Instructions: Read this short section.  Make sure that you understand the restrictions of Bernoulli’s equation.  Ask yourself when Bernoulli’s equation might be useful.  Why do you think that the concept is important for bicycle aerodynamics?  You may read the short section on Pitot tubes in anticipation of section 2.1.4 of this Unit.
 
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  • Reading: Cecil Adams’ The Straight Dope: “How Does a Gas Pump Know to Shut Itself Off?” Link: Cecil Adams’ The Straight Dope: “How Does a Gas Pump Know to Shut Itself Off?” (HTML)
     
    Instructions: Skim the article and draw a sketch to convince yourself of how Bernoulli’s principle explains the behavior of gasoline pumps.
     
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2.1.2 Pressure Measurements   - Reading: eFluids: Bicycle Aerodynamics: “Chapter 4: Pressure” Link: eFluids: Bicycle Aerodynamics: “Chapter 4: Pressure” (HTML)
 
Instructions: As you read this section about pressure in aerodynamics, ask yourself which features would be different for liquids.
 
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  • Reading: Georgia State University’s “Pressure Measurement” Link: Georgia State University’s “Pressure Measurement” (HTML)
     
    Instructions: Read the section and play with the fluid pressure calculator.  This section should be a review for you.  As you read, consider the effect that fluid density has upon the calculations.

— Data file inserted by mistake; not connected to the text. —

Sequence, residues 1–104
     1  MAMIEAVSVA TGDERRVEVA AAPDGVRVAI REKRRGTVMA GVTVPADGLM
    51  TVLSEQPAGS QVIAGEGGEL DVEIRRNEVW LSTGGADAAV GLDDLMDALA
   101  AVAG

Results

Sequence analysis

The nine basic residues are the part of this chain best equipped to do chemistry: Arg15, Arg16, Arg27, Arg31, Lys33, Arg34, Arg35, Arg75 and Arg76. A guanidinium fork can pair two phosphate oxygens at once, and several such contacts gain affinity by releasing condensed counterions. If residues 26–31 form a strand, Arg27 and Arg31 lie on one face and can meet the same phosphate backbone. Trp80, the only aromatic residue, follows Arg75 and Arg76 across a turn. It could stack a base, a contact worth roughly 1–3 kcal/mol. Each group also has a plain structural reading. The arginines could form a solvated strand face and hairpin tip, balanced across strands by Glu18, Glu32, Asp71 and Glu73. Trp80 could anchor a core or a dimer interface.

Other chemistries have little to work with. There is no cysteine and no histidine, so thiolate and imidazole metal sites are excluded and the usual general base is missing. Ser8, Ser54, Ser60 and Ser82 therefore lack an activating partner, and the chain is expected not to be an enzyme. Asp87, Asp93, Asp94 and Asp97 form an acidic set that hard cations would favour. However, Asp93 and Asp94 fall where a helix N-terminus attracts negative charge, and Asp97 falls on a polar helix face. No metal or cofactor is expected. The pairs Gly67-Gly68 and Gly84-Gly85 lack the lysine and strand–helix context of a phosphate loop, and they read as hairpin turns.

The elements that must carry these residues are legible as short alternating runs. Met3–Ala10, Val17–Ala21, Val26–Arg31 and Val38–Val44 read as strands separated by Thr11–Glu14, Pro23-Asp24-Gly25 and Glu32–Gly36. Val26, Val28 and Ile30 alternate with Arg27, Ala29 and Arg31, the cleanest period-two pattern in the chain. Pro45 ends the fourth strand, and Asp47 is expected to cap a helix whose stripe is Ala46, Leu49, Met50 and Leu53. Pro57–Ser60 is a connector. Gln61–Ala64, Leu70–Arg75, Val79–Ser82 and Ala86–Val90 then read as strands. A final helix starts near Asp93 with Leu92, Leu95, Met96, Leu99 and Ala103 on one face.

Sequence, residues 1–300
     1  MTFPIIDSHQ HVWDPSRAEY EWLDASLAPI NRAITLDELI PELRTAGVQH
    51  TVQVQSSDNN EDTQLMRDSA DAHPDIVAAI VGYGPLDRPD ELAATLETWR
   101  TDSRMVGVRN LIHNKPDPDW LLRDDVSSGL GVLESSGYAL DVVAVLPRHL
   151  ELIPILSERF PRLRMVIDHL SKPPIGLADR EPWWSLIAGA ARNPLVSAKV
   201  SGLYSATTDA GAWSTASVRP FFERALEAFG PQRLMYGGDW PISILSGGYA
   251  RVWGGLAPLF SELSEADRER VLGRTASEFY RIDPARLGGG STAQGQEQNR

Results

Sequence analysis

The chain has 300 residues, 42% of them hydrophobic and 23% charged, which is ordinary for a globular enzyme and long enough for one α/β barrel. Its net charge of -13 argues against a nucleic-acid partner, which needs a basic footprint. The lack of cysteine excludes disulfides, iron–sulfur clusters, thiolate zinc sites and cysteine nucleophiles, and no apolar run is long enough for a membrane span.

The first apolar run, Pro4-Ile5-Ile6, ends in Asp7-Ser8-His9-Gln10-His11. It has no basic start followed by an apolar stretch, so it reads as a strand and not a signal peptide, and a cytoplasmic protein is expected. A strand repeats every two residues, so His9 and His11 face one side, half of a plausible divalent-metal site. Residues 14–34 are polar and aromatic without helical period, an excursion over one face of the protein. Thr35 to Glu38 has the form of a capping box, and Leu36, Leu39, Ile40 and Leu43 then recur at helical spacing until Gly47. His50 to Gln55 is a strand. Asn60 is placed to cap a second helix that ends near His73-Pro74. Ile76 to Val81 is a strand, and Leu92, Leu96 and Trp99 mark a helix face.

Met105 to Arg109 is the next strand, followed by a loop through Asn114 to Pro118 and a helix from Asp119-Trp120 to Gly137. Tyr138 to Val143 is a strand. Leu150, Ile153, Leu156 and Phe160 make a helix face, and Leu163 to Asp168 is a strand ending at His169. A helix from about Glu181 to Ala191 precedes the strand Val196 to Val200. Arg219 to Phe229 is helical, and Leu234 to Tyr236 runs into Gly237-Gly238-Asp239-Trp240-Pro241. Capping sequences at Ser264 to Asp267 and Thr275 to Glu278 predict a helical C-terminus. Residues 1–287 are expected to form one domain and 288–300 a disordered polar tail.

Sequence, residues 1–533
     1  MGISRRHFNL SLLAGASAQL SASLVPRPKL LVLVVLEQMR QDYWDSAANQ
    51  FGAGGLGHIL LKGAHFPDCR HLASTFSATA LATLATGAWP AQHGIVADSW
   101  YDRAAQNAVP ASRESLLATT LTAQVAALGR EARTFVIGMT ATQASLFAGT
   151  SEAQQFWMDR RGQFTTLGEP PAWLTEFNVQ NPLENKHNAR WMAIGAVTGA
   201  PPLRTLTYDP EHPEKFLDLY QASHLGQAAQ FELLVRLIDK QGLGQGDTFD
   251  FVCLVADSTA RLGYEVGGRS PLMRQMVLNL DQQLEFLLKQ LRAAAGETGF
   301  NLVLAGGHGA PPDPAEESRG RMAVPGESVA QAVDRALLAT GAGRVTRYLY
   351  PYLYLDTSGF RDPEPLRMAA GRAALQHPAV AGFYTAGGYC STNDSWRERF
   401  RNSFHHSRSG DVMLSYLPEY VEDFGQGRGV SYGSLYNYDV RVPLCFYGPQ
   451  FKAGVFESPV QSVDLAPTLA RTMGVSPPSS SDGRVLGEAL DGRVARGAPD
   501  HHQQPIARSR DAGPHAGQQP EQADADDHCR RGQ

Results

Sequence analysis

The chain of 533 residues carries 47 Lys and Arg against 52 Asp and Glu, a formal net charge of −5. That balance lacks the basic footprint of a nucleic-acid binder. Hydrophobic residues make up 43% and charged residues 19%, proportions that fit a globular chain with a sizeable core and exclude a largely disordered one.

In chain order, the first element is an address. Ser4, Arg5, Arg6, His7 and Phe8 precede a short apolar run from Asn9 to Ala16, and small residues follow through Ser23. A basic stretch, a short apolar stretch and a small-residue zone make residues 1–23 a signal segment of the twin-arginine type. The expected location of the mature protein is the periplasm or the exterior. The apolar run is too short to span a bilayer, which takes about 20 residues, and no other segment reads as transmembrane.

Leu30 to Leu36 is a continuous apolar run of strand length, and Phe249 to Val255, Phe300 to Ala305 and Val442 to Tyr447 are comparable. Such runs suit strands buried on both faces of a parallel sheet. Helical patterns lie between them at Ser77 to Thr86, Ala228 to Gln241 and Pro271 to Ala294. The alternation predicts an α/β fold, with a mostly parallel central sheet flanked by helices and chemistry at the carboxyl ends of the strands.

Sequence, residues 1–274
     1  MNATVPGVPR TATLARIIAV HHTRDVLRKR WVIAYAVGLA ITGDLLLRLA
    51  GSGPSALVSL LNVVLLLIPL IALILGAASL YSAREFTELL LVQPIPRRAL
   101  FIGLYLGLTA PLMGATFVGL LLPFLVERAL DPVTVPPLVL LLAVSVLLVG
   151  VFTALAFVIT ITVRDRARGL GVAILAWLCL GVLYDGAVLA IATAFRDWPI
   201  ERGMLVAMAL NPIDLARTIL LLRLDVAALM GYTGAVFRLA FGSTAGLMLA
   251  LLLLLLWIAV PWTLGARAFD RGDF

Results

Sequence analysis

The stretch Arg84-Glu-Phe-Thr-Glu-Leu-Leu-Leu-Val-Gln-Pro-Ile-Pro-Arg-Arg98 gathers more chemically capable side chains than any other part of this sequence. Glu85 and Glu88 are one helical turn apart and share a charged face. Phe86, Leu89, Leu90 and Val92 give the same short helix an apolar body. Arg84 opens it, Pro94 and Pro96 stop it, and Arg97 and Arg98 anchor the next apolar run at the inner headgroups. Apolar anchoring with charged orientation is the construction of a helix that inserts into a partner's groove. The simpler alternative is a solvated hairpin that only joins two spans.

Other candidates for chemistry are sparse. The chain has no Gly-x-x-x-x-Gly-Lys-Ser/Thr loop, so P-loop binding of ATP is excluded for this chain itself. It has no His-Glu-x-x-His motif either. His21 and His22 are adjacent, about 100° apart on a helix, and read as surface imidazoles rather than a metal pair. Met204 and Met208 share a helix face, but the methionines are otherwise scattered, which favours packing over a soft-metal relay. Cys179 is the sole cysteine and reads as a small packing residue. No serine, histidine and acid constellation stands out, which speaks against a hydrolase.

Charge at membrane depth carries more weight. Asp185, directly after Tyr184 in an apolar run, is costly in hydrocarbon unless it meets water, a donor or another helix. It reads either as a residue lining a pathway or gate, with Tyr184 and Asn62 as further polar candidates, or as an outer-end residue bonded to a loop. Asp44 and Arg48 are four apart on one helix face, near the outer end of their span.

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  • Reading: Wikipedia’s “Pressure Measurement” Link: Wikipedia’s “Pressure Measurement” (PDF)
     
    Instructions: Read the material here for a survey of the area.  Pay particular attention to units of measurement and definitions of terms, i.e. gauge, differential, absolute, static, and dynamic.
     
    Terms of Use: The article above is released under a Creative Commons Attribution-Share-Alike License 3.0 (HTML).  You can find the original Wikipedia version of this article here (HTML).

  • Reading: Omega Instruments’ “Process Pressure Measurement” Link: Omega Instruments’ “Process Pressure Measurement” (HTML)
     
    Instructions: Read these pages after you have completed the other readings for this subunit.  This text gives a practical, commercial, and contemporary engineering perspective on the techniques, importance, and utility of pressure measurements.